6 Things in Your Garage That Are Bringing Mice to Your Home
RIDDING YOUR PARKING AREA OF THIS COULD ALSO HELP GET RID OF RODENTS.
By design, your home's garage is supposed to house your car and protect it from the elements. But as many homeowners know, it also tends to become an extra storage wing, trash receptacle area, workshop, and everything in between. Unfortunately, while it may feel like a harmless place to stash certain things out of the way, some of them could be inviting mice into your garage—and even into your home—simply by having them around. Read on to see what items you should be ditching from your parking area.
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Piles of clutter
It can be hard to resist the temptation to use your garage space as storage overflow, but creating chaotic piles—especially along walls or in corners—lays the right conditions for mice and other rodents to move right in. Even if you're not the type to keep odds and ends where you park your car, keep in mind that useful seasonal items such as outdoor furniture cushions, patio umbrellas, or pool toys can also create an inviting home for pests.
If you can't avoid turning your garage into storage space, you may want to consider upgrading the hardware you're using. "Mice are great at playing hide and seek," Peter McDonald, partner at lawn care and pest control company The Turf Doctor, tells Best Life. "If you have a garage with things all over the floor, chances are mice will use this to their advantage to take refuge in one of your cardboard boxes. Use sealed containers and organization bins to keep items together in one place. The more floor space you have, the fewer hiding places there are!"
Pet food or birdseed
Shutterstock / J.A. Dunbar
It's your duty as a pet owner to keep your furry or feathered friends well-fed. Unfortunately, if your garage doubles as a dining room for your four-legged friends or as a storage area for your birdfeeder supply, you could unintentionally be setting up a buffet for mice and other rodents, too.
The best way to keep pests out of your pet food is always to store it in a sealable, durable plastic container. Experts such as Jill Sandy, a gardener and founder of Constant Delights, also suggest keeping pet food indoors to help keep it from luring in unwanted animals. "The safest place to store pet food is on a high shelf in the pantry or the refrigerator, where it can't be exposed to the outdoors," she says.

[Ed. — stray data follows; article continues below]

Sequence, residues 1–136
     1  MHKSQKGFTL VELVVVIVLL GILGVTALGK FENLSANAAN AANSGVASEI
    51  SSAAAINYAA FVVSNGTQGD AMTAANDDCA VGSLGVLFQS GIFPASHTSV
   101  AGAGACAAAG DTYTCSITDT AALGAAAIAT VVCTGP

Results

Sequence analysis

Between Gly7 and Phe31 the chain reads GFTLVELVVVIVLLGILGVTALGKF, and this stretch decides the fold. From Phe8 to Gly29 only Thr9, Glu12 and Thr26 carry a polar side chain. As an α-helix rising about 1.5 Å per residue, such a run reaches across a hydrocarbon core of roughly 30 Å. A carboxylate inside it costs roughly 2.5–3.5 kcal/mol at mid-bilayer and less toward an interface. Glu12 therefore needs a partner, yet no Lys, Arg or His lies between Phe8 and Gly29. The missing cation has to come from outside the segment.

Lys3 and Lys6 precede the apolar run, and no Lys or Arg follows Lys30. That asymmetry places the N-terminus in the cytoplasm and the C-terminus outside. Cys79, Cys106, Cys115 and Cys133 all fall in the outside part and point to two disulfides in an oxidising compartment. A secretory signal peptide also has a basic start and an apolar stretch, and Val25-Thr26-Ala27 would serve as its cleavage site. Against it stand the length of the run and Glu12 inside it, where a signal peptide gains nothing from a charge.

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There's nothing that can take the bite out of cold winter weather like a crackling fire. But while storing your logs in your garage might seem like a convenient way to keep your fuel dry and nearby, it's also a major draw for mice.
"There are two main reasons why firewood piles attract mice: shelter and food," says remote veterinarian Jonathan Roberts, BVSC. "Firewood provides a protective and well-insulated area for mice to make nests, and there is an ample supply of food from the insects and bugs that are natural inhabitants of the firewood."
Even if it's not actually in your garage, you should still also avoid the temptation to store your firewood right outside your house. Instead, pest control expert Ryan Smith recommends storing your firewood at least 30 feet away from your home, keeping it covered with a tarp, and elevating it by using pallets or a short rack.
Food or trash in your car
Besides tidying up around the house, keeping your vehicle clean inside and out presents a whole other set of chores to add to your to-do list. And while making sure to vacuum up those stray fries and leftover snacks might make your car look a lot neater, it can also help keep from inviting mice into your garage.
"It's unnecessary to make it easier for mice to find food; they are exceptional at finding it," warns Jordan Foster, pest management expert at Fantastic Pest Control. He says even something as minuscule as a forgotten ketchup packet from a fast-food run can lure mice to your car. Of course, this means you should be wary of keeping stockpiles of snacks for the road in your trunk, glove compartment, or back seat.
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A rarely used vehicle
The pandemic has certainly changed how often we go out in public, especially for those who no longer need to commute to an office every day. But even if this means you're saving a ton on gas money and reducing harmful emissions, leaving your vehicle just sitting in your garage could be allowing mice to turn your ride into their residence.
If you realize your vehicle is staying put more often these days, experts suggest parking it in a well-lit area. Foster says rodents don't like bright lights, so they're likely to avoid your car if it's near them. You can also ward them off by putting down dryer sheets throughout the interior if you know you won't be driving for a while. According to John Burkhauser, certified master technician and director of education at Bolt on Technology, the scent will help repel the pests while having the bonus of making your vehicle smell fresh and clean.
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Garages may feel like a convenient and appropriate place to store all the items necessary for keeping your yard looking fantastic. But unfortunately, items such as grass seed or bags of mulch can be all too alluring for mice and other pests, which can use them as a place to hide out or as a food source. Instead, consider keeping your excess gardening materials in a dedicated shed, storing them on a shelf in sealed hard plastic tubs, or only purchasing as much as you know you'll need at the beginning of each season.
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